In my case, "normal" invokes a happier, calmer existence—a state that I've often experienced but couldn't always count on. You could say that distance from family, friends, and the comforts of my homeland, things I miss in NY & CA; contribute to a feeling of disorientation when faced with things that throw me for a loop here, such as a lack of law enforcement, cultural differences, or widespread appreciation for nature that I cherish so much.

And yet, as anyone who's had children or has lived a long-term traumatic situation knows (just for the record, although they're in the same sentence, I don't consider the former to equal the latter!), patience can go a long way in softening your response to life. Even though I hated to admit it before I finally decided to have kids, just the simple act of aging and maturing can increase your capacity to tolerate certain things. Or even to let things happen themselves, maybe with your assistance, but without your direct control. Sort of how the revered and controversial Sikh guru Yogi Bhajan says: "patience pays."

So I find myself incredibly grateful for all the things that have occurred in my life that have gotten me to this point: having the courage to move far from home despite how painful it can often be, having been able to see through the most frustrating moments of adjusting to a new country in order to stay with my husband, even opting to obtain naturalization in that country...having had our daughter, and the good fortune to have a wonderful partner who wants to raise our daughter with a much different relationship than he had with his own father.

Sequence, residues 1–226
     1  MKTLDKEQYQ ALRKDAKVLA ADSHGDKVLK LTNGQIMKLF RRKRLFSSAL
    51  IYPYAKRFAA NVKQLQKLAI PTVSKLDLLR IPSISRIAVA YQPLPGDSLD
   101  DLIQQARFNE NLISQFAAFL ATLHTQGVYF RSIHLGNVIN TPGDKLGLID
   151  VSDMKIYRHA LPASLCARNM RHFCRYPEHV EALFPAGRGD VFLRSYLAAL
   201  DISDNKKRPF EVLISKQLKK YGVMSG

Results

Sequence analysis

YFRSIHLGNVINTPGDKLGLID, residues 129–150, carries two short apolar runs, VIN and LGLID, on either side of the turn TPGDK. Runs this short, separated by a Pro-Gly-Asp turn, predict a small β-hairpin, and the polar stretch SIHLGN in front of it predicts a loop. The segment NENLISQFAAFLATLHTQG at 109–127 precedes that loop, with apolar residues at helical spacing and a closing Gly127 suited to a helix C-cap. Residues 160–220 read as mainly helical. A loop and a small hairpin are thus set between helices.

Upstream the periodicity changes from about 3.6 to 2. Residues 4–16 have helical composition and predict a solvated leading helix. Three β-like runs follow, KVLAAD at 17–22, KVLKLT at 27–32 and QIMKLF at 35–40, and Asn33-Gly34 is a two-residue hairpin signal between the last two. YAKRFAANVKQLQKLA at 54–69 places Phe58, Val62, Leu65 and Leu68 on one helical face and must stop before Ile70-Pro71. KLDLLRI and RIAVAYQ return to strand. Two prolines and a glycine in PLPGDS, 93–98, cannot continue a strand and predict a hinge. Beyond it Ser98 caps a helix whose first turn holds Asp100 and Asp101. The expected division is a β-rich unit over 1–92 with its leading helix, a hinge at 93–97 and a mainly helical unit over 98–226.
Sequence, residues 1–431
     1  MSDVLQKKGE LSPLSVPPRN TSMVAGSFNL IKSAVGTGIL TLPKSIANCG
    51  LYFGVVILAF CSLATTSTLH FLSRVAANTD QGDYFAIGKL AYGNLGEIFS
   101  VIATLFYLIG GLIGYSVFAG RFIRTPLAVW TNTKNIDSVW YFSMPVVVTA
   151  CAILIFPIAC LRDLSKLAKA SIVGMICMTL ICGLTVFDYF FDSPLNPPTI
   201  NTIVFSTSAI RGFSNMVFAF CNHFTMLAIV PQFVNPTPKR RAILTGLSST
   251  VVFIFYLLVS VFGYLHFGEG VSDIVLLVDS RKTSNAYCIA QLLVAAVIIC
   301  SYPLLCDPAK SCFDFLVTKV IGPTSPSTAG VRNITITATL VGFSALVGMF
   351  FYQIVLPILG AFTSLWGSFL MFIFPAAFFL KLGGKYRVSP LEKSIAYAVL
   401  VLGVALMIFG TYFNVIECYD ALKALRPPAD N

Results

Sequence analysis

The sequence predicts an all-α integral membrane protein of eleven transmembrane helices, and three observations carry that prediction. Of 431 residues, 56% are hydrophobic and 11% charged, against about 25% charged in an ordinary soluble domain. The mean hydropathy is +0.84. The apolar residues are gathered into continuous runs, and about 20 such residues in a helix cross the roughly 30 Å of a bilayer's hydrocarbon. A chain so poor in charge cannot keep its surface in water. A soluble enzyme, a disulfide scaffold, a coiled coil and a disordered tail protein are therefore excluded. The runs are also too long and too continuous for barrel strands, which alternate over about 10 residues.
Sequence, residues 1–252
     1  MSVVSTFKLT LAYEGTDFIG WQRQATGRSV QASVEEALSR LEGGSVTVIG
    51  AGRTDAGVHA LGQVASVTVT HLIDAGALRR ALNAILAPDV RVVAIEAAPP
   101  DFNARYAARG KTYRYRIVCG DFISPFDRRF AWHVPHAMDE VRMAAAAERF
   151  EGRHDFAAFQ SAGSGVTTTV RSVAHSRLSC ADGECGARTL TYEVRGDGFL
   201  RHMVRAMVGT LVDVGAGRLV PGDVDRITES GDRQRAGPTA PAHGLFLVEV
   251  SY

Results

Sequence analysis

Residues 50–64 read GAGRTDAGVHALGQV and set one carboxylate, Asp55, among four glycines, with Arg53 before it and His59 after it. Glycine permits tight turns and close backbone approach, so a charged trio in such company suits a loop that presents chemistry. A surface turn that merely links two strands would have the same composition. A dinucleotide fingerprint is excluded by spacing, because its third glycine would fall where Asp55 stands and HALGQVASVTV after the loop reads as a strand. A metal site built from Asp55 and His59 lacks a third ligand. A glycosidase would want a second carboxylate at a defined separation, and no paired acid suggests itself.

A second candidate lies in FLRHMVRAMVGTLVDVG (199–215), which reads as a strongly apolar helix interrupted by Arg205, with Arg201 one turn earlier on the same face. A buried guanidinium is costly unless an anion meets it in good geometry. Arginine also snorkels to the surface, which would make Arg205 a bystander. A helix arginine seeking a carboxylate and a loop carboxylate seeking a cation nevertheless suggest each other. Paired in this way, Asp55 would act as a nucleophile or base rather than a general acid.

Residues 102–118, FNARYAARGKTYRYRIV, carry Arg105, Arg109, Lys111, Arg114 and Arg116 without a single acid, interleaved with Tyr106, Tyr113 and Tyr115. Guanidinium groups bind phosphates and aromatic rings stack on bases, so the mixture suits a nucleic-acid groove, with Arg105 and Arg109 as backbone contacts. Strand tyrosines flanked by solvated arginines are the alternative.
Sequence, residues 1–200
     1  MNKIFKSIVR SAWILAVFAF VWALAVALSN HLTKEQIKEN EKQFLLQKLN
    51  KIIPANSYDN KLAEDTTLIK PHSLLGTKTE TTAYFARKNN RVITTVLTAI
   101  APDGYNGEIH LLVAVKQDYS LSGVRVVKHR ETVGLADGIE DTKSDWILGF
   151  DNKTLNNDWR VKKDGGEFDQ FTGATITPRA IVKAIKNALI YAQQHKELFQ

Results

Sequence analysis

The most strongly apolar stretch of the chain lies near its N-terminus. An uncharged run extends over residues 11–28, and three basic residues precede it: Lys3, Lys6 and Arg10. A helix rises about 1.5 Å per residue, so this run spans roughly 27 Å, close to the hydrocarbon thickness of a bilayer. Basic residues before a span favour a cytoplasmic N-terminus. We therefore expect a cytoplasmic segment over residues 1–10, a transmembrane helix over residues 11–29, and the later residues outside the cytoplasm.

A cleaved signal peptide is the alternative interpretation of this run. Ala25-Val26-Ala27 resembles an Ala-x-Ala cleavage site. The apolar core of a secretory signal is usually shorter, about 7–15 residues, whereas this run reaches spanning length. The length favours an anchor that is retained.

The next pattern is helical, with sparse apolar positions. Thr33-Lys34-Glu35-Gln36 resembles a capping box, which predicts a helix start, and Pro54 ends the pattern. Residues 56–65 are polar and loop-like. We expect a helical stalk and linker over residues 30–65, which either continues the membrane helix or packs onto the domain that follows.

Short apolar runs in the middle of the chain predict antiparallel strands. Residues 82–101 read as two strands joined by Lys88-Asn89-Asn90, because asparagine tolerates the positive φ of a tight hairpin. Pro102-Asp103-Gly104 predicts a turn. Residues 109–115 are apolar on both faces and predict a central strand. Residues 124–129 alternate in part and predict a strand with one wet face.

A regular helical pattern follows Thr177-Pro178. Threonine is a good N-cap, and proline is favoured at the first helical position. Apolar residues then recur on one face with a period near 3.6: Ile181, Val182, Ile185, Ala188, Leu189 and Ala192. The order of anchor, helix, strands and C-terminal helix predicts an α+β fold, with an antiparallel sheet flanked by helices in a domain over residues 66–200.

I'm grateful for the transformation I was able to make as a very scared, tentative, worrisome expecting woman into a confident, loving mother who makes mistakes but knows that my love for my daughter is the most important thing. I am grateful for the little things. I am grateful that I know that I'll continue to be more and more so as the years go by.

It dawned on me that anyone who's been transplanted around the world or even from one side of town to the other could be grappling with these same feelings. I realized that I knew more than just a few folks with binational family living situations and similar interests, and started an online group with the hope it might connect some of us, or even grow. It might spark something, it might fizzle, but at least the seed was planted.

Which leads me to believe I could be experiencing the beginnings of yet another milestone that, since leaving the States, has felt difficult to regain—what my therapist refers to as "finding my tribe." It's rapidly moving target that's also constantly shapeshifting. But while simply throwing a frisbee around with friends at a beautiful state park this weekend, I declared that doing things like this made me feel "normal." They all laughed at me, but I have a feeling they know what I meant.